The signed "Permission for Search" form shows Brown consented to a search of the van without any limitations. Based on Brown's verbal and written consent, Sergeant Jones and Trooper Naber initiated a deliberate search of the van. Their search discovered a false ceiling. Although Sergeant Jones had probable cause at this point to search the contents of the false ceiling, see, e.g., United States v. Mercado, 307 F.3d 1226, 1230 (10th Cir. 2002) (holding officer's discovery of false ceiling, coupled with suspicious activity, gave probable cause to search); United States v. Martel-Martines, 988 F.2d 855, 858 (8th Cir. 1993) (finding probable cause for warrantless search of concealed compartment after detainee's evasive and inconsistent responses to routine questions, even if consent limited or withdrawn), he chose not to conduct an exhaustive search of the false ceiling. Instead, Sergeant Jones requested a drug detection dog. When the dog alerted to the false ceiling, there was a good probability the van contained drugs, which authorized a complete search of the false ceiling. See Bloomfield, 40 F.3d at 919 (holding probable cause allows warrantless search once dog alerts to drugs in car). Once the officers discovered the false ceiling and the drug dog alerted to the false ceiling, any quarrel regarding consent and its scope was irrelevant.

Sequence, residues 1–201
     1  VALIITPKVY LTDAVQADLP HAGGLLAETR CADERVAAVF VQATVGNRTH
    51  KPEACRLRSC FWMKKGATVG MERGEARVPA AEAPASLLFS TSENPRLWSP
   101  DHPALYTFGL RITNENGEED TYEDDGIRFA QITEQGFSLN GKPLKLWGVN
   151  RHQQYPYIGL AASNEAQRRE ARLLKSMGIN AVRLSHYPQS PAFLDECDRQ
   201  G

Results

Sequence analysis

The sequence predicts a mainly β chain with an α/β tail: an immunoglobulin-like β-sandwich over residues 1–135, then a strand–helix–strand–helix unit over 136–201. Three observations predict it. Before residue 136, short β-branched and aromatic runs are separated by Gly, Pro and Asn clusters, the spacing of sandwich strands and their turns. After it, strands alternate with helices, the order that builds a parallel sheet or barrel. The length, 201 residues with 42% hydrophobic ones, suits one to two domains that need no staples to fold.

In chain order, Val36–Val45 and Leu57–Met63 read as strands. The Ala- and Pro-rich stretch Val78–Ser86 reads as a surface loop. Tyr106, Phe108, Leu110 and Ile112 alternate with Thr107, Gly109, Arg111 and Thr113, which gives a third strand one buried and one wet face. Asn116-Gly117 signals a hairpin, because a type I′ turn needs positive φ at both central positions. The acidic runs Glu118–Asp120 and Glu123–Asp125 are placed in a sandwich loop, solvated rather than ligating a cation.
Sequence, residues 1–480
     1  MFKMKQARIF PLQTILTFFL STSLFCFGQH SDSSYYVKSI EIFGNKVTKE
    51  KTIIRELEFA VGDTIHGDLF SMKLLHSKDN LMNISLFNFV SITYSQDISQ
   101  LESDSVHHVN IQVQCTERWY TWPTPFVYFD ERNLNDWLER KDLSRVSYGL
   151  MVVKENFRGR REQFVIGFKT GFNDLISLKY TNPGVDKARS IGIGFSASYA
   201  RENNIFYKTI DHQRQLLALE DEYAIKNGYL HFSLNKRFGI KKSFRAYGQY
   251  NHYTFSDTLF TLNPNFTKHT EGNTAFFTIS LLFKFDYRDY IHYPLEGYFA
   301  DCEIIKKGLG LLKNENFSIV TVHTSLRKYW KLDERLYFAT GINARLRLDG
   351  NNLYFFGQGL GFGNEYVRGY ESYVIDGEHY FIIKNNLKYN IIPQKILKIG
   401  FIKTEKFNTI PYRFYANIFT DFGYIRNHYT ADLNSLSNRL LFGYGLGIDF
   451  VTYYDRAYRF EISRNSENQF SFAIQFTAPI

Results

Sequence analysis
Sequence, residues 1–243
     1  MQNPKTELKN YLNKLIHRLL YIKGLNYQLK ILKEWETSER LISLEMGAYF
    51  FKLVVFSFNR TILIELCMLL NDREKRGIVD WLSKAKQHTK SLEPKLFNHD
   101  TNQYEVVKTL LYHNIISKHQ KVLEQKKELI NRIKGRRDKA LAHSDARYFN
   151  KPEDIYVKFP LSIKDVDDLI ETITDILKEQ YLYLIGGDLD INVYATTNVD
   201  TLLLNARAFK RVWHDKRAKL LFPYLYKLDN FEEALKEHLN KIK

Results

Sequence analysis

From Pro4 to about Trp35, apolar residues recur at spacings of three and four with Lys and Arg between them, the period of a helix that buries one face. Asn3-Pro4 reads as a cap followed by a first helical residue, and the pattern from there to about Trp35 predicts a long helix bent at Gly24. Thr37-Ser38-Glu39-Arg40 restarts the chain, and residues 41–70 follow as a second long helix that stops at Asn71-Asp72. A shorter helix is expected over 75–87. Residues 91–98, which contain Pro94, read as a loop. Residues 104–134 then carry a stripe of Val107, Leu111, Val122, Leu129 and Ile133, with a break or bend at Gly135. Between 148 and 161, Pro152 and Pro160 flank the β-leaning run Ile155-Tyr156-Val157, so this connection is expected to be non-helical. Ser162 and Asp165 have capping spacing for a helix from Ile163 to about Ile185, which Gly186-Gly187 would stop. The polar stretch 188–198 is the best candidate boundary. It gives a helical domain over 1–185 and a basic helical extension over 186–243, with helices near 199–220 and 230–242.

Finally, Brown contends his complaints about the duration of the search showed he did not consent to the scope of the search. An expression of impatience does not establish an intent to revoke consent. United States v. Ross, 263 F.3d 844, 846 (8th Cir. 2001).3  The district court determined Brown did not withdraw his consent, and we conclude that factual finding was not clearly erroneous. Furthermore, the discovery of the false ceiling precluded Brown from withdrawing his consent as Sergeant Jones had probable cause to search, see Martel-Martines, 988 F.2d at 858, or reasonable suspicion to detain Brown until the drug detection dog arrived, see White, 42 F.3d at 460 (80-minute detention to wait for drug dog not unreasonable). Once the dog alerted to the false ceiling, Sergeant Jones had probable cause to search the secret compartment, notwithstanding Brown's complaints.

For the foregoing reasons, we affirm the district court's denial of Brown's motion to suppress.


The Honorable Laurie Smith Camp, United States District Judge for the District of Nebraska, adopting the report and recommendation, as modified, of the Honorable Thomas D. Thalken, United States Magistrate Judge for the District of Nebraska


Brown signed the "Nebraska State Patrol Permission For Search" form, which states: "I, Charles Booker T Brown, do hereby voluntarily authorize L Jones 205, of the Nebraska State Patrol with such assistance as he/she deems proper, to search 1998 Ford Van IN Plates 95V9439 presently located at MM 282 I-80 EB. I am giving this written permission freely and voluntarily, without any threats or promises having been made to me, and understanding that I have the right to refuse to permit this search."


This recalls the maxim attributed to Phaedrus: Everyone ought to bear patiently the results of his own conduct